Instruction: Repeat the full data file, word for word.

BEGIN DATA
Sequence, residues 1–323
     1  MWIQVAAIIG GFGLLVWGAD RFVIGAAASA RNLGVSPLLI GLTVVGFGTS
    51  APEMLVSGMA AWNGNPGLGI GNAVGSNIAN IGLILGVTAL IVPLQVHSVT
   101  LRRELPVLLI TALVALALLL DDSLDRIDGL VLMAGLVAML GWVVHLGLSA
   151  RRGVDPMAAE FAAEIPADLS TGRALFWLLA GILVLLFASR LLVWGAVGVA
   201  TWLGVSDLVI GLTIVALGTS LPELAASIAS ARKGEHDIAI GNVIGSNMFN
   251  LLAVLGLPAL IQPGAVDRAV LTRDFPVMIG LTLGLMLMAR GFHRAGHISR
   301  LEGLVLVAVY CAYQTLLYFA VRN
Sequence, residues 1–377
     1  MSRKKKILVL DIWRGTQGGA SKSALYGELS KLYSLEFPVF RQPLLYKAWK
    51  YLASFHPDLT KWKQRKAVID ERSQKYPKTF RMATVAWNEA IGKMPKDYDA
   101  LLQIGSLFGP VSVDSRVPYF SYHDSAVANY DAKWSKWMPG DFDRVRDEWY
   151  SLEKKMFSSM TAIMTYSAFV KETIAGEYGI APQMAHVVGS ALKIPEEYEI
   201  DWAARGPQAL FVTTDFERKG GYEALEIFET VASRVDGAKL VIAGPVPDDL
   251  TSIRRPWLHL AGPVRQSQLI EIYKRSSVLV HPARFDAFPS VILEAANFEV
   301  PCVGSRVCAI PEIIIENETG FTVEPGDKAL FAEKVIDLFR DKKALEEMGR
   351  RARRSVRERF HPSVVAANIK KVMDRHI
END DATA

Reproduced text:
Sequence, residues 1–323
     1  MWIQVAAIIG GFGLLVWGAD RFVIGAAASA RNLGVSPLLI GLTVVGFGTS
    51  APEMLVSGMA AWNGNPGLGI GNAVGSNIAN IGLILGVTAL IVPLQVHSVT
   101  LRRELPVLLI TALVALALLL DDSLDRIDGL VLMAGLVAML GWVVHLGLSA
   151  RRGVDPMAAE FAAEIPADLS TGRALFWLLA GILVLLFASR LLVWGAVGVA
   201  TWLGVSDLVI GLTIVALGTS LPELAASIAS ARKGEHDIAI GNVIGSNMFN
   251  LLAVLGLPAL IQPGAVDRAV LTRDFPVMIG LTLGLMLMAR GFHRAGHISR
   301  LEGLVLVAVY CAYQTLLYFA VRN
Sequence, residues 1–377
     1  MSRKKKILVL DIWRGTQGGA SKSALYGELS KLYSLEFPVF RQPLLYKAWK
    51  YLASFHPDLT KWKQRKAVID ERSQKYPKTF RMATVAWNEA IGKMPKDYDA
   101  LLQIGSLFGP VSVDSRVPYF SYHDSAVANY DAKWSKWMPG DFDRVRDEWY
   151  SLEKKMFSSM TAIMTYSAFV KETIAGEYGI APQMAHVVGS ALKIPEEYEI
   201  DWAARGPQAL FVTTDFERKG GYEALEIFET VASRVDGAKL VIAGPVPDDL
   251  TSIRRPWLHL AGPVRQSQLI EIYKRSSVLV HPARFDAFPS VILEAANFEV
   301  PCVGSRVCAI PEIIIENETG FTVEPGDKAL FAEKVIDLFR DKKALEEMGR
   351  RARRSVRERF HPSVVAANIK KVMDRHI